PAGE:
αβERKO males are infertile but possess a grossly normal reproductive tract, in agreement with past evidence that estradiol is unnecessary for the development of male gonads and reproductive structures. The testes of adult (2.5 to 7 months) αβERKO males exhibited various stages of spermatogenesis, yet the numbers and motility of epididymal sperm were reduced by approximately 80 and 5%, respectively (Fig. 1). This phenotype is similar to that of the αERKO male and is therefore characteristic of the loss of ERα; it does not occur in βERKO males, which exhibit normal fertility (3) and sperm counts (Fig. 1E). The αβERKO testicular phenotype also does not resemble that reported in ArKO mice, which exhibit arrested spermatogenesis but no αERKO-like tubule dysmorphogenesis (2). This discrepancy between male mice lacking estradiol and those lacking both ERs suggests the existence of undocumented aromatase- or ER-encoding genes or estradiol-independent ER actions within the male reproductive tract (or both).

Figure 1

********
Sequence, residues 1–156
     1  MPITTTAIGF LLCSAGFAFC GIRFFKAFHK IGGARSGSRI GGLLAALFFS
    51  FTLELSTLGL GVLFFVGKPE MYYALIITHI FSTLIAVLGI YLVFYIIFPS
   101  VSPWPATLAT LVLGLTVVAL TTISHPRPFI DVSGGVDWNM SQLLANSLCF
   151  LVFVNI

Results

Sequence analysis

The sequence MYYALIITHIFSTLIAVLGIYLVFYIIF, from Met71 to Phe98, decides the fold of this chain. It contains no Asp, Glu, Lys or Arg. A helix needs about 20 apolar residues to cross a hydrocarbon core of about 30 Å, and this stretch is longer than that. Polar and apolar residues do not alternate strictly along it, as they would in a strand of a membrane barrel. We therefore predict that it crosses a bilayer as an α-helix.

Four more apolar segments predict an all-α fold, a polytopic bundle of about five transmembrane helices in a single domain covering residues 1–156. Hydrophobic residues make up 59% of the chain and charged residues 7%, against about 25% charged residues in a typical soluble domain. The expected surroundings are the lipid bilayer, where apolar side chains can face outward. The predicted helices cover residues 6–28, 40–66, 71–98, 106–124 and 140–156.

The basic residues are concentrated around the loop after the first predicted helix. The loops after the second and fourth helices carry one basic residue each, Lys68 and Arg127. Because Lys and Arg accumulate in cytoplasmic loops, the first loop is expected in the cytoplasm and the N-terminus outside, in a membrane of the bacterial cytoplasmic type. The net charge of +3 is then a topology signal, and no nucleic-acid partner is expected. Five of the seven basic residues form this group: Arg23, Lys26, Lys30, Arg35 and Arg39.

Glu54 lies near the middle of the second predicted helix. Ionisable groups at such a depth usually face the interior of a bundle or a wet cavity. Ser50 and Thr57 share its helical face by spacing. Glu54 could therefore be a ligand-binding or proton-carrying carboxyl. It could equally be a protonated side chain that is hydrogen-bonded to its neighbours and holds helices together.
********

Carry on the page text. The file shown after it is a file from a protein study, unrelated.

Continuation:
Morphological and functional phenotypes of the αβERKO male reproductive tract. Testes were fixed overnight in cold Bouin's fixative, passed through several changes of cold water over 2 days, transferred to cold 50% ethanol for 24 hours, and then immersed in cold 70% ethanol until paraffin embedding. Shown are 5-μm sections stained with hematoxylin and eosin (H&E). Low-power magnification of a testis from a representative age-matched (A) control male and (B) an αβERKO adult male (2.5 to 7 months) illustrates the luminal swelling and loss of germinal epithelium of the seminiferous tubules in the αβERKO testis, which is most evident along the region indicated by the arrowed bracket. High-power (×66) magnification of the caudal epididymis of a representative (C) wild-type male and (D) of an αβERKO adult male illustrates the reduced density of the sperm population in the αβERKO male. (E) Epididymal sperm counts carried out as previously described (25) on males ≥100 days old indicate the significant reduction in sperm number in the αβERKO male that is characteristic of that observed in age-matched αERKO males. For control (c), αERKO, and βERKO, mice,n = 4 animals analyzed; for αβERKO mice,n = 5 animals analyzed. Scale bar, 100 μm. ***ANOVA,P < 0.001.